Impact of rural-urban migration on rural migrant households in the surroundings of Kigali. How migration affects their livelihood.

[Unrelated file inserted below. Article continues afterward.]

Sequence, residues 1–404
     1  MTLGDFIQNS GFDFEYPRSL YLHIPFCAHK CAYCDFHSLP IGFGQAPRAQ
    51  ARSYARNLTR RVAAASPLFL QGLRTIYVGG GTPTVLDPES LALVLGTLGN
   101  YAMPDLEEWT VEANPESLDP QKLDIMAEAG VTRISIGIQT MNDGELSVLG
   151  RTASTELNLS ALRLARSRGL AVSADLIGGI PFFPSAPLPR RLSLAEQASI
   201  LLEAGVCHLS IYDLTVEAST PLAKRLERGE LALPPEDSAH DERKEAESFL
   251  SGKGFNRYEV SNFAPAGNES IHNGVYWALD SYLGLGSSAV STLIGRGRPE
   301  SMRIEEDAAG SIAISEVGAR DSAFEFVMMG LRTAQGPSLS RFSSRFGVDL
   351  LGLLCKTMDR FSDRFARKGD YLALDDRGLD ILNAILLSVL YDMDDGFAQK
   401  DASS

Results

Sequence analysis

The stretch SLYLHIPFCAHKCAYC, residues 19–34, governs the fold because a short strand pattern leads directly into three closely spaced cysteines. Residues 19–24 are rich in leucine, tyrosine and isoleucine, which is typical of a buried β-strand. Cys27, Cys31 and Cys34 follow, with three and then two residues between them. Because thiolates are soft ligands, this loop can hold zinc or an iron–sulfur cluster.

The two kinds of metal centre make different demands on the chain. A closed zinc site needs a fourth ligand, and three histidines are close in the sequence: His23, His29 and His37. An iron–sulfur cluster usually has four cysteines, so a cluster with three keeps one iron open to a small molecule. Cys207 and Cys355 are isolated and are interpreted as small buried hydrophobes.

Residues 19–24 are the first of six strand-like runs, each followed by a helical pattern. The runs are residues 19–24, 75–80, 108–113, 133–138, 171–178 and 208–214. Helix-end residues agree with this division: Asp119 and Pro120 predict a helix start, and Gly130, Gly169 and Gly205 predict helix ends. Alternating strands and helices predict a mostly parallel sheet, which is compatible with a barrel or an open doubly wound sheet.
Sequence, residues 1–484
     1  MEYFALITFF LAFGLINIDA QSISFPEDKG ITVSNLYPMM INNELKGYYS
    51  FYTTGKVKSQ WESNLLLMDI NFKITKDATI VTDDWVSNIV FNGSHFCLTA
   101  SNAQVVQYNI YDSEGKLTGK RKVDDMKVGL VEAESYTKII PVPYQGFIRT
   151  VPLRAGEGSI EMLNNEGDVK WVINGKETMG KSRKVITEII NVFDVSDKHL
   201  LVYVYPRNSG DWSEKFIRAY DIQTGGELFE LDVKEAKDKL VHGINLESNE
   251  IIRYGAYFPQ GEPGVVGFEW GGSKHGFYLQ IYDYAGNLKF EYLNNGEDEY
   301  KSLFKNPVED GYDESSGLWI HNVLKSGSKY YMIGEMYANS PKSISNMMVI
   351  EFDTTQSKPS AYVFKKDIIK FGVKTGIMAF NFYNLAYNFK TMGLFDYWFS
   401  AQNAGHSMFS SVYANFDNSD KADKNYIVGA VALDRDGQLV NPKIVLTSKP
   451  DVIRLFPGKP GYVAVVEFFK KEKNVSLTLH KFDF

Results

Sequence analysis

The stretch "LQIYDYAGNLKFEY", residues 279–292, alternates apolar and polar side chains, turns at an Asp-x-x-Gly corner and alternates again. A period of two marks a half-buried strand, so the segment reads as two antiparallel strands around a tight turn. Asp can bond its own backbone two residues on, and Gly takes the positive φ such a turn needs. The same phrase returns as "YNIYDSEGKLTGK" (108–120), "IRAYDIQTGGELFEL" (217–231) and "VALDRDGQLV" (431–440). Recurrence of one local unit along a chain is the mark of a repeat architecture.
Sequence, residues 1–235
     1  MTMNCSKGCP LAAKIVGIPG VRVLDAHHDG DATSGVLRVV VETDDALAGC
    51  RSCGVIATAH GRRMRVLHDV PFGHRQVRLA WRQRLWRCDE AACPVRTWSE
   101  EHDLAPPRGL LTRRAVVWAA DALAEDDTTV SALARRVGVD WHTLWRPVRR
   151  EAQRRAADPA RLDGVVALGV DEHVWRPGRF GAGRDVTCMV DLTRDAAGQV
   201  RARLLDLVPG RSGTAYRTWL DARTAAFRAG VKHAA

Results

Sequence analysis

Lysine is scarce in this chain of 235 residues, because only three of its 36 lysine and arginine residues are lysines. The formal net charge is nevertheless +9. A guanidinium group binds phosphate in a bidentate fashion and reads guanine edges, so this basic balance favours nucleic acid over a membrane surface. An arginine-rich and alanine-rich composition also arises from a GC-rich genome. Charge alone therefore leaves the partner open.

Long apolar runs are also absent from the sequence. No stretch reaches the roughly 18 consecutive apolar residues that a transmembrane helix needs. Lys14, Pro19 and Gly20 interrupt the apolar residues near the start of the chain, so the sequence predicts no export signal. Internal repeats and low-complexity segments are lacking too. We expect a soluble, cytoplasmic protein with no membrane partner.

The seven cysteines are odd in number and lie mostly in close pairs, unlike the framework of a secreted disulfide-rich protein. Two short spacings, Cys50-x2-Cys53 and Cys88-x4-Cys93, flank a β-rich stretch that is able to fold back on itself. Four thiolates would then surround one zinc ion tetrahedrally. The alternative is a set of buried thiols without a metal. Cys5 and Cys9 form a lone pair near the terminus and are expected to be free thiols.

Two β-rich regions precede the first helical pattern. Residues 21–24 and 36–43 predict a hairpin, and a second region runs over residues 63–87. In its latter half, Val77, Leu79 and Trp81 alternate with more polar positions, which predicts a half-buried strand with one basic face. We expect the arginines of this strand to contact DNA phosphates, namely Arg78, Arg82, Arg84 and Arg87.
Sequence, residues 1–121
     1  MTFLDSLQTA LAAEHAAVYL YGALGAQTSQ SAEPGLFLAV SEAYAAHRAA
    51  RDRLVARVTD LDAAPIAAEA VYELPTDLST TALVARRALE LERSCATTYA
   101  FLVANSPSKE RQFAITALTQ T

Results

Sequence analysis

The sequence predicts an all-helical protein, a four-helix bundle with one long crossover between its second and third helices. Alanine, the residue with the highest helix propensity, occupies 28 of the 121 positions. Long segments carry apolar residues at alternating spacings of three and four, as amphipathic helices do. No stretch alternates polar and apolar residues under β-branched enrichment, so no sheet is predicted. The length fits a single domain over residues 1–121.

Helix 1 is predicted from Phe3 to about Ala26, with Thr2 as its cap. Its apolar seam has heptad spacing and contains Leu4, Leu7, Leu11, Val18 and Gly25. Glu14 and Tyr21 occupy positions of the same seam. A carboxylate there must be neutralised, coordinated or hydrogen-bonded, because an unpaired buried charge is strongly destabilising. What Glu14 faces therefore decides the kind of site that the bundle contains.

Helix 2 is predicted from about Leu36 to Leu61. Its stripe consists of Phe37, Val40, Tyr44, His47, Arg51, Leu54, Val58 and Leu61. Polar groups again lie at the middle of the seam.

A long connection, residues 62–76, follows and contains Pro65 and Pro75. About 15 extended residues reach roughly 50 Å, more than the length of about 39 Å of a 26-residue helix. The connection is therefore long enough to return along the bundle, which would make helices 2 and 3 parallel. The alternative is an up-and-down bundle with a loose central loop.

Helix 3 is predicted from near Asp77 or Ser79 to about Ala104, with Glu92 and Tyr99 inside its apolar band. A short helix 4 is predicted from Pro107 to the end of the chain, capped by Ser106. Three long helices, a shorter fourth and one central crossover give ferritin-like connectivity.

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This master research examines the impacts of rural-urban migration on rural migrant households in Rwanda. This is investigated in terms of both the loss of labour forces due to migration and the impact of resource-transfers between the migrant(s) and rural migrant households. This study pays attention to the extent to which this impact differs for households with different social-economic status. From 260 household surveys and 20 in-depth interviews with rural households in four rural research areas in the surroundings of Kigali, the capital city of Rwanda, appears that rural-urban migration has positive impact on the livelihoods of rural migrant households when the migrant(s) send sufficient money, food or goods back, which can be used to diversify or to improve their livelihood and to offset the negative effects of the loss of labour forces, mainly by hiring labour forces. This concern mainly the better-off households, who receive frequently high amounts of money, food and goods from relatively well-educated migrant household member(s) in Kigali. They have a large buffer in the form of income, livestock and land to absorb the loss of labour forces and can offer the highest prices on the rural wage labour market. They experience improvements in food consumption, health, education and housing as a result of migration, and sometimes they even use their increased income for improved farming, livestock, small trade and business. In contrast, the poorest households often receive few, infrequently or even no money from their poorly-educated and unsuccessful migrant household member in the city. They have no or few financial and physical capital in the form of income, land and livestock to absorb the lack of labour forces. Their competitiveness on the labour market is poor, because they cannot afford to offer high labour prices. As a result they experience increased workload, because of insufficient replacement of the migrant(s) and are often forced to work for other, mostly better-off households. Migration policies should take into account the heterogeneity of the rural population in the surroundings of Kigali. There are the poor and very poor households whose livelihood significantly differs from better-off households on practically all livelihood assets. The fact that mainly better-off households take advantage of rural-urban migration refers to increasing inequalities in rural areas and asks pro-poor growth policies and migration policies of the Rwandan government to focus on the group of chronically poor and often female-headed migrant households who have no or very few land and livestock, rely on working for others and receive insufficient or no money and goods from an underprivileged migrant in the city. Rural-urban migration is selective by access to wealth in terms of income gained by educating children. Rural households that have invested materially in educating their children receive considerable more resources from such migrants where they remit. In fact, such households obtain sustained prosperity by investing in the schooling of their children. For this reason, the migration policies of the Rwandan government should focus on the improvement of education levels of the poorest rural households.